Modern Drama

Modern Drama

  • Type of paperArgumentative Essay
  • SubjectEnglish
  • Number of pages5
  • Writer qualityPlatinum
  • Format of citationMLA
  • Number of cited resources4

At the end of this course, we were expected to have reached some conclusions about modern drama as constituted by the different genres (realism, expressionism, absurdism) we have considered. All are overlapping, though different, efforts at developing new forms of dramatic/theatrical representation which speak to the abiding premise behind modernity, here, discontinuity. This final exam provides the opportunity to demonstrate such conclusions. Write an essay in which you argue to what extent, if any, playwright Harold Pinter’s ″The Homecoming″ should be considered an example of “modern drama” by drawing connections to modernity. You should also make connections to other modern plays we discussed in class (see the list attached) from at least two of the three genres we considered (realism, expressionism, and absurdism). There are several ways of making this argument. You can demonstrate how The Homecoming does/does not correspond with thematic concerns of modern drama, of formal experimentation of modern drama, and of the ideological ambitions of modern drama. You can do this through citing and discussion elements of our lectures and discussions, though you must compare The Homecoming with at least one work from the class (you can do more if you want). Make sure that you provide careful analysis of the play/plays that you choose. Don’t rely on extensive summary or generalizations. Cite, analyze, and discuss specific instances from the texts. At the same time, remember that the final is asking for conclusions about modern drama, more than Pinter’s play, so make sure that you use this analysis to develop a well-reasoned and coherent argument that links the play with (or demonstrates its distance from) modern drama.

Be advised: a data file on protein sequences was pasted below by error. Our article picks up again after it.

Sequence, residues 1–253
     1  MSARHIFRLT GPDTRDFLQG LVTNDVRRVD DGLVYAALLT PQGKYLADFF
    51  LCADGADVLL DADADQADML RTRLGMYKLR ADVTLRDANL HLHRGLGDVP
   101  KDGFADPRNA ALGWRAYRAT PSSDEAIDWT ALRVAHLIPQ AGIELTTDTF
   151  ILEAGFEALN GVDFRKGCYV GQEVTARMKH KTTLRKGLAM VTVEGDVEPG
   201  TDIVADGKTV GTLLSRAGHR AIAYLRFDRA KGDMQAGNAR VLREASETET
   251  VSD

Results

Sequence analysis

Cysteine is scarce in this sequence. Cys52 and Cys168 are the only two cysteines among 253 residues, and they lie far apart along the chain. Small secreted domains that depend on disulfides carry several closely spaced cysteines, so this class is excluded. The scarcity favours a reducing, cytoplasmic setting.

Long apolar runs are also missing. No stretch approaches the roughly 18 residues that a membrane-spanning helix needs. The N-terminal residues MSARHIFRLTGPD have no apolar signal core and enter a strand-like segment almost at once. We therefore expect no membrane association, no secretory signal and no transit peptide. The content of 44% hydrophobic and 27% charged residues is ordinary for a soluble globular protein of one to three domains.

Networking_Infrastructure_-_Assignment (1) Networking_Infrastructure_-_Extra_Notes

Modern Drama